What is the Good Life? The HARN MUSEUm BY BRIAn TRUPO

"Hen" by William Zorach (taken by Sarah Stanley)

Medium of the Art/ Technique of the Artist: One piece of art that I saw in the Harn Museum was this sculpture of a hen. The sculpture is actually called “Hen” by William Zorach, and is made of granite. Seeing it in person helped me understand it and look further into why there is a sculpture of a hen made out of rock. It made me realize the reason the hen is made out of hard rock is because of how strong a hen is and how willing it is to protect its baby chicks. Seeing it in person allowed me to see the details of the piece and look at all the sleekness and details. Like I said, the medium of the work being granite made it very interesting. I’ve never seen such a smooth-looking sculpture before and I just thought it was very neat. This piece of art almost looks like a blob, but once you get close it’s easy to tell that it’s a hen. It communicates to me that everything isn’t as it seems; hens aren’t typically known as strong creatures, but they are in terms of protecting their young when you really think about it. The artwork made me feel like the hen was sitting on its eggs and protecting its young. It made me feel cautious and alert.

"Face Mask" by Winiama people; "Face Mask" by Dan people

Design of the Museum: Although not obvious, the arrangement of the Elusive Spirits exhibit was great! There were little showcases throughout and the big showcases were centered. Along with these showcases, there was also a little movie clip as you walk through and it’s in a great location. Along with the location and placement of the showcases of the masks, the open space allowed each piece/mask to feel like it was very important. Each piece had a lot of space in between it to signify its importance. Each mask also was in its own individual area, which also made each piece so special. The exhibit made me feel like I was experiencing some of the African rituals, especially when watching the video clip. Overall, this was a spectacular exhibit and I loved the layout.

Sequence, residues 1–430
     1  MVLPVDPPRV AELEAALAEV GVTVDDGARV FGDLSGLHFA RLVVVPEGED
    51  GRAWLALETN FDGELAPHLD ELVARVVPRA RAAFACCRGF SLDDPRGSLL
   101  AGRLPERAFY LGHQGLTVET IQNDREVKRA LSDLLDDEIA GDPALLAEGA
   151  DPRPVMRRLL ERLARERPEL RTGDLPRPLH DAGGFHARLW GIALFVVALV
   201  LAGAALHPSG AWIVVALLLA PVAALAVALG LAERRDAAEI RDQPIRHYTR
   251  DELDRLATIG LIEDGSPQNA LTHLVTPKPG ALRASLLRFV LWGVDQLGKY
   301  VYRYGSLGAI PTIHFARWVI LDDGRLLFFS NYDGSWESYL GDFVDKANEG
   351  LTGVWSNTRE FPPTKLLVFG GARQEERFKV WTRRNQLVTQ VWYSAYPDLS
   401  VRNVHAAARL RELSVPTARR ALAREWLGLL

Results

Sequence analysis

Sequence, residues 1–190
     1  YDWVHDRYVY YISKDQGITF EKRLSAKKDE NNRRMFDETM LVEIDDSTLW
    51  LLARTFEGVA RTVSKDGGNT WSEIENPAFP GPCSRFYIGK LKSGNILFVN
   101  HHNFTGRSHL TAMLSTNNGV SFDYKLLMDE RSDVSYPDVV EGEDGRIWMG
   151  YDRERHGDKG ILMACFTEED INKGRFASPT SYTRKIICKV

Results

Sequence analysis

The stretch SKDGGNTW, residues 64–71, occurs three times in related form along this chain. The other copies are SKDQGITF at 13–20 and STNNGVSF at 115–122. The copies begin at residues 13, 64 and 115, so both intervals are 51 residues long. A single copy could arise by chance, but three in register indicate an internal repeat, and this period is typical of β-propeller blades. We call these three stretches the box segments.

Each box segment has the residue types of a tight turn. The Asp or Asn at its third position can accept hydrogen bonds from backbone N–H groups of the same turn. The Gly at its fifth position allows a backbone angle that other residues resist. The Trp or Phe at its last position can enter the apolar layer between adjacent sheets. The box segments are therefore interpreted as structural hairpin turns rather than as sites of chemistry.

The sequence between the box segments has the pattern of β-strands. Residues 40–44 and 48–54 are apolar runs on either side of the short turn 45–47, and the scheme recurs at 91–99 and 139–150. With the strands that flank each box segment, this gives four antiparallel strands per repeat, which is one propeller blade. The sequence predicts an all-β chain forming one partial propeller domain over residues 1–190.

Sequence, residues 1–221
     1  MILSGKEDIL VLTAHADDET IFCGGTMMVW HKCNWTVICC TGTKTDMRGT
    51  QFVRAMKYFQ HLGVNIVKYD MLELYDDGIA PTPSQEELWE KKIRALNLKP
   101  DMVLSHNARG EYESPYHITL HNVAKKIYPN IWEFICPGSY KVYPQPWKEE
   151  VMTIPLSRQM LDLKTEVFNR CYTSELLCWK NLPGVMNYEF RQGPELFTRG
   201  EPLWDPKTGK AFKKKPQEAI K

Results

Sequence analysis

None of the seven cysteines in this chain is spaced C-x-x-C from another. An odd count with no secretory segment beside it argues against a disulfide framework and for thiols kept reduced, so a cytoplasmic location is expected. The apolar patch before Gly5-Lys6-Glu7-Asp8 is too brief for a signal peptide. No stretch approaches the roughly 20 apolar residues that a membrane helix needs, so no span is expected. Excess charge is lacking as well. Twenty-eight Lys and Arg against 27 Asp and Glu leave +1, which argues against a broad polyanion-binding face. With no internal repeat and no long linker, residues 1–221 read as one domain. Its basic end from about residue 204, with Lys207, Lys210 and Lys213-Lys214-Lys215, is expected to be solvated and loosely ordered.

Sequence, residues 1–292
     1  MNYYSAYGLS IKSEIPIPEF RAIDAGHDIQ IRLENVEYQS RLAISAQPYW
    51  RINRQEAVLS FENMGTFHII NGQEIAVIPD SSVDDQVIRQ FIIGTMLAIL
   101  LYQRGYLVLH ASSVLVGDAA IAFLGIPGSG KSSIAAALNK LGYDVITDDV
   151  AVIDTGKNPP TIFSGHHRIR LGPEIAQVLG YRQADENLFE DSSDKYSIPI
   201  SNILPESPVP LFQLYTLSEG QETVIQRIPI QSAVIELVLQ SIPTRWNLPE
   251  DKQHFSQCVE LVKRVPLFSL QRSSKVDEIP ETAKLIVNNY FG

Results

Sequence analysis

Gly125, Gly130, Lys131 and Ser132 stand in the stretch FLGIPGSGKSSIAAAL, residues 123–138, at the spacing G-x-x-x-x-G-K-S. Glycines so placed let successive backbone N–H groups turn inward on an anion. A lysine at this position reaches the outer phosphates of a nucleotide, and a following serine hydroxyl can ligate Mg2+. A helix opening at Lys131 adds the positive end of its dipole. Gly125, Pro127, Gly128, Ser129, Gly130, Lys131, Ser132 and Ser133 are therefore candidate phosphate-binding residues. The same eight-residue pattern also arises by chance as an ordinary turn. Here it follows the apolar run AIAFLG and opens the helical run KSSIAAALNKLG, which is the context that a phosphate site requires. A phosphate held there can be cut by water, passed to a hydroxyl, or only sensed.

"St. Jean's Bay" by Leon Kroll

Art and Core Values: This piece of art really appeals to my core value of love and nature. Since longer than I can remember, I have always enjoyed nature and felt that nature brings me closer to God. In this piece, people are laying down, looking at the beautiful bay and mountain. They look like they are so relaxed and are very calm. In addition, being in nature brings about love. The colors in this painting are all very bright and warm, portraying a very loving mood. This piece of art lets me appreciate my core value by showing all the love through nature. Additionally, this artwork brings me happiness, not just because of the warm colors but because of the people being together and enjoying themselves without technology. It helps me better understand love through nature and how someone can show love simply through the warm colors that they use to paint.

"Overlook Mountain, Woodstock, New York" by Ernest Fiehe (photo by Sarah Stanley)

Art and the Good Life: This piece of art is called “Overlook Mountain, Woodstock, New York” and was painted by Ernest Fiehe. This painting is of a beautiful mountain overlook. It looks like the season is fall due to the beautiful colored leaves of the trees. This painting tells a story in my imagination of a getaway place that an immigrant goes to while he’s in New York to get away from all his worries. This piece of art conveys a Good Life theme of seeking the good life. I compared this mountain that looks like it’s not near much civilization to the area that Thoreau went to in “Walden.” Both of these settings are very peaceful and isolated. It communicates that theme with the happy colors and the nature feel. The nature makes it feel like a getaway from regular life and from regular everyday pleasures. It adds to my appreciation of theme by showing me the beauty of nature and how happiness is made through surroundings and nature, not materialistic things like phones. The painter was an immigrant, so this shows that even though the immigrant most likely wasn’t very wealthy, they decided to paint this mountain and valued the beauty of nature over everything else, similar to how Thoreau valued nature and wanted to rid of all materialistic pleasures.

Made with Adobe Slate

Make your words and images move.

Get Slate

Report Abuse

If you feel that this video content violates the Adobe Terms of Use, you may report this content by filling out this quick form.

To report a Copyright Violation, please follow Section 17 in the Terms of Use.